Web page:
Oklahoma City, OK 73105
For Immediate Release: April 25, 2019
Sen. Dewayne Pemberton
Virtual charter financial transparency bill heads to
The Senate unanimously approved House Bill 1395 Wednesday
to improve the financial transparency and accountability of Oklahoma’s
five public virtual charter schools. Sen. Dewayne
Pemberton (R-Muskogee) and Rep. Sheila Dills (R-Tulsa) are the
authors of the bill, which will subject virtual charter schools
to same financial reporting requirements, financial audits, audit
procedures and audit requirements as traditional public school districts.
“Our state’s virtual charter schools are extremely popular
and are providing a crucial service for those students who can’t
succeed in a traditional learning environment. However, being that
these schools receive millions in both state and federal funds,
it’s crucial that taxpayers know how their money is being
spent,” Pemberton said. “Currently, as just one example,
laptops and other items are being purchased for virtual charter
students but there are no records as to who has that school property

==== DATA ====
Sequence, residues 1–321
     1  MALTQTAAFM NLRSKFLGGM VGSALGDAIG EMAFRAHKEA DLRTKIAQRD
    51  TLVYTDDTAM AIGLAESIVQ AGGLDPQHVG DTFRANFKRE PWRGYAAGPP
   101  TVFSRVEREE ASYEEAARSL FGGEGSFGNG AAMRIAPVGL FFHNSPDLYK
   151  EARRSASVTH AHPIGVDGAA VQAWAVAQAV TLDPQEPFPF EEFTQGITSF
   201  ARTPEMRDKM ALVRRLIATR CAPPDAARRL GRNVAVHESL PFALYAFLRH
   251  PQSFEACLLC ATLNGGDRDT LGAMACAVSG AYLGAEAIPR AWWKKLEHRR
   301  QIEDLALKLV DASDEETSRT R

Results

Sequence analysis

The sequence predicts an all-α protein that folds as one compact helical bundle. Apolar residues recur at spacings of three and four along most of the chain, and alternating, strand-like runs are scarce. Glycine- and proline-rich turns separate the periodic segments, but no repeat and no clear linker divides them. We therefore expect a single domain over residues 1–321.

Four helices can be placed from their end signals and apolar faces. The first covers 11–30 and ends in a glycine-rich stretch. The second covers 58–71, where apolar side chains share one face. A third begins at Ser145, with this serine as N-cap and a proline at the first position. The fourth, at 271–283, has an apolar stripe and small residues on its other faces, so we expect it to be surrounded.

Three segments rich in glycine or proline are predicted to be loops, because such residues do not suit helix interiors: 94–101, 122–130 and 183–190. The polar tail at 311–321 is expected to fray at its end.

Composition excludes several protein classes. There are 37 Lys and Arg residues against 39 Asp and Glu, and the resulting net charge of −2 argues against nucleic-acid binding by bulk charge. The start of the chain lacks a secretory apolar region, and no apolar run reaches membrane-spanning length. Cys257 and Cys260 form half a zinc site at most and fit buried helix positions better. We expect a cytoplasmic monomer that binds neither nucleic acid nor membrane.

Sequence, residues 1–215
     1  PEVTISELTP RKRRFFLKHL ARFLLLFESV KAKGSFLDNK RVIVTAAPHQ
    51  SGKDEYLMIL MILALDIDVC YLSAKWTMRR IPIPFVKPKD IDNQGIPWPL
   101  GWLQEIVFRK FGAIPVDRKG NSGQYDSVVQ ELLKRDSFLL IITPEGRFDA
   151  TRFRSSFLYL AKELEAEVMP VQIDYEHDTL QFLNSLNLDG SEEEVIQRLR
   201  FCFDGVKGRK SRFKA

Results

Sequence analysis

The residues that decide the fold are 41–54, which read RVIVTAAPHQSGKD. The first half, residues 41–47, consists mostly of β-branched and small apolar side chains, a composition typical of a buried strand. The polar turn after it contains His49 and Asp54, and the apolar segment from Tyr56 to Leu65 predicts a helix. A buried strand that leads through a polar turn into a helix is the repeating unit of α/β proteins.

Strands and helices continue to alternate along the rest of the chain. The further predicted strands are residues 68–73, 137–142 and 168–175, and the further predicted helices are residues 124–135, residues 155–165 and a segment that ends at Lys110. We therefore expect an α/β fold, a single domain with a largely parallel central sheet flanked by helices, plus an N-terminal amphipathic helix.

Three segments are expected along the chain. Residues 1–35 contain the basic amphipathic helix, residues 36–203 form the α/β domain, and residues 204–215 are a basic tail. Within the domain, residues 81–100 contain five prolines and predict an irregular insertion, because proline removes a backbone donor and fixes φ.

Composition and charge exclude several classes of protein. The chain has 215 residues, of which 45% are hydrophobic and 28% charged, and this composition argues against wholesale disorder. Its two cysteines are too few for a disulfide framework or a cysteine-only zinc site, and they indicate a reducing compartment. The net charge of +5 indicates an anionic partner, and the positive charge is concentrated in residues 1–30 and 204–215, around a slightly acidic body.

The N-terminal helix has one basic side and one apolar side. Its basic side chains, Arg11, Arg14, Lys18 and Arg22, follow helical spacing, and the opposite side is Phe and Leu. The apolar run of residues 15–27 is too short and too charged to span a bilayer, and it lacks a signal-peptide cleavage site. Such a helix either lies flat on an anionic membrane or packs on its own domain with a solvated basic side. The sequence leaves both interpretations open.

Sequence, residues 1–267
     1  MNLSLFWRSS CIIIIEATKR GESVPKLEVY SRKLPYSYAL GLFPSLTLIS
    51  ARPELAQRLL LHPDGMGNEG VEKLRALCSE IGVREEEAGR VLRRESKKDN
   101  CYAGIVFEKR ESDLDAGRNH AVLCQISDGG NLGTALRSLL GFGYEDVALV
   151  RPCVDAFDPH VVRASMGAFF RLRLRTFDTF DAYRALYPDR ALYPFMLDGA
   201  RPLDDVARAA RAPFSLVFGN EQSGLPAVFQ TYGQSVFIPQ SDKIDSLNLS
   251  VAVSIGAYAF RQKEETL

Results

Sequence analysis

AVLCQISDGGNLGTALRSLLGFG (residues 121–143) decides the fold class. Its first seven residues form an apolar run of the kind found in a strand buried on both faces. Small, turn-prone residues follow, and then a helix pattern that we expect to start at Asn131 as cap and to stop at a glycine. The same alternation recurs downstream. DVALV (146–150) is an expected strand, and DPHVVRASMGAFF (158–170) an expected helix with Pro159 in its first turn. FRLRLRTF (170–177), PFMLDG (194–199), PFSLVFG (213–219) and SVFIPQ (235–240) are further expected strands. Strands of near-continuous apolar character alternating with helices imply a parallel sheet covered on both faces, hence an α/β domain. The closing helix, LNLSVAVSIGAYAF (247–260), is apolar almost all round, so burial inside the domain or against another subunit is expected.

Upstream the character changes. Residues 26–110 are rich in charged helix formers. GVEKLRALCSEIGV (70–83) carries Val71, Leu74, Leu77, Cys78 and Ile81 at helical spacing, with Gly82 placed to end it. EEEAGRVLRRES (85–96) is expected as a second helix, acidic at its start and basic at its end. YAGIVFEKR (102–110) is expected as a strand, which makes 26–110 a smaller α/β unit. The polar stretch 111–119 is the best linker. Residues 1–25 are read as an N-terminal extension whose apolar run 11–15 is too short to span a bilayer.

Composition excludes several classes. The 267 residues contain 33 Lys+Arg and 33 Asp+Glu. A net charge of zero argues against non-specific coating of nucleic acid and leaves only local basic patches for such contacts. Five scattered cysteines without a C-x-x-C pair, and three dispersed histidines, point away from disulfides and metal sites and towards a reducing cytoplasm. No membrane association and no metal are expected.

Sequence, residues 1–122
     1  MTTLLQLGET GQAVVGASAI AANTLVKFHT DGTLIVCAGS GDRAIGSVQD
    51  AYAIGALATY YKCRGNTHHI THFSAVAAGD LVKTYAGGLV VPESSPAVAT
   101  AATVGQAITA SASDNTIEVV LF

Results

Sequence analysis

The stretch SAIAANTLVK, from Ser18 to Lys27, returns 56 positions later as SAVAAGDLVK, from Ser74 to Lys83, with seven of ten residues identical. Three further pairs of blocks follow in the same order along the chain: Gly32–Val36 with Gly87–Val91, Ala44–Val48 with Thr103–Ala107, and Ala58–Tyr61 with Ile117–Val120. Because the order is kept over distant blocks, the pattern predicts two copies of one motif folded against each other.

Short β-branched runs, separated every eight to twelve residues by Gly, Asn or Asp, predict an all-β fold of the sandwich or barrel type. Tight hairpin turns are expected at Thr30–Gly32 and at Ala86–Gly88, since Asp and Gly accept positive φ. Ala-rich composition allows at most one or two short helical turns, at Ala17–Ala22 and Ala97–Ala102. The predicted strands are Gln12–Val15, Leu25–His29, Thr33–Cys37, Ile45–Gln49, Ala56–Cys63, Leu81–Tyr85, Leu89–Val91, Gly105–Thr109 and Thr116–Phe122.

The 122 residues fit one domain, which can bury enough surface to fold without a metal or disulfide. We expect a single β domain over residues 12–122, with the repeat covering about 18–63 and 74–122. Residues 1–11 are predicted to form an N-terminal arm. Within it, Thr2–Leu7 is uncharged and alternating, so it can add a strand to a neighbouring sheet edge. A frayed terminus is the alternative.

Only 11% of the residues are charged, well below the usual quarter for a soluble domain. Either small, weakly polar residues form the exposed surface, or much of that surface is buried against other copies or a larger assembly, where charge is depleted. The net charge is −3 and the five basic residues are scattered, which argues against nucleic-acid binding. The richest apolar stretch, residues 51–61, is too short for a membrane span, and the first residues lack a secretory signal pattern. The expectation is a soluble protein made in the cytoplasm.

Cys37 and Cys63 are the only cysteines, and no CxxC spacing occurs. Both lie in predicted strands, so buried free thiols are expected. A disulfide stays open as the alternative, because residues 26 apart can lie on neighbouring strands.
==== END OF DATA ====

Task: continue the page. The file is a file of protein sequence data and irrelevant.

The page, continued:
and if the student recipients are even still enrolled. All of our
schools need to be good stewards of taxpayer dollars. This will
level the playing field so that all of our public schools, whether
traditional or virtual, are being financially transparent and accountable
Pemberton explained that each for-profit state virtual charter school
is managed by an Educational Management Organization (EMO), which
receives a fee of 8-15% of profits. The EMO’s are Limited
Liability Companies (LLCs) and currently do not have to follow the
State Department of Education’s (SDE) cost accounting rules
under the Oklahoma Cost Accounting System (OCAS), which left around
$18 million in state funds unaccounted for in 2018 and that number
is growing quickly. The measure requires virtual charters to use
HB 1395 will also allow SDE and the State Auditor to conduct financial,
program and compliance audits of virtual charters.
Virtual charter schools will be required to start following the
same conflict of interest statutes as traditional public schools.
Virtual governing boards will also be required to complete the same
training as traditional public school board members do, which is
12 hours of classes in the first 15 months in office.
Finally, HB 1395 will put virtual charters and brick and mortar
charters under the same statutory teacher contract requirements
as traditional public schools. Pemberton noted this is necessary
to keep virtual charters from luring traditional public school teachers
away while they are under contract with a school district.
The next stop for HB 1395 is the Governor’s desk.
For more information, contact:
Sen. Pemberton: (405) 521-5533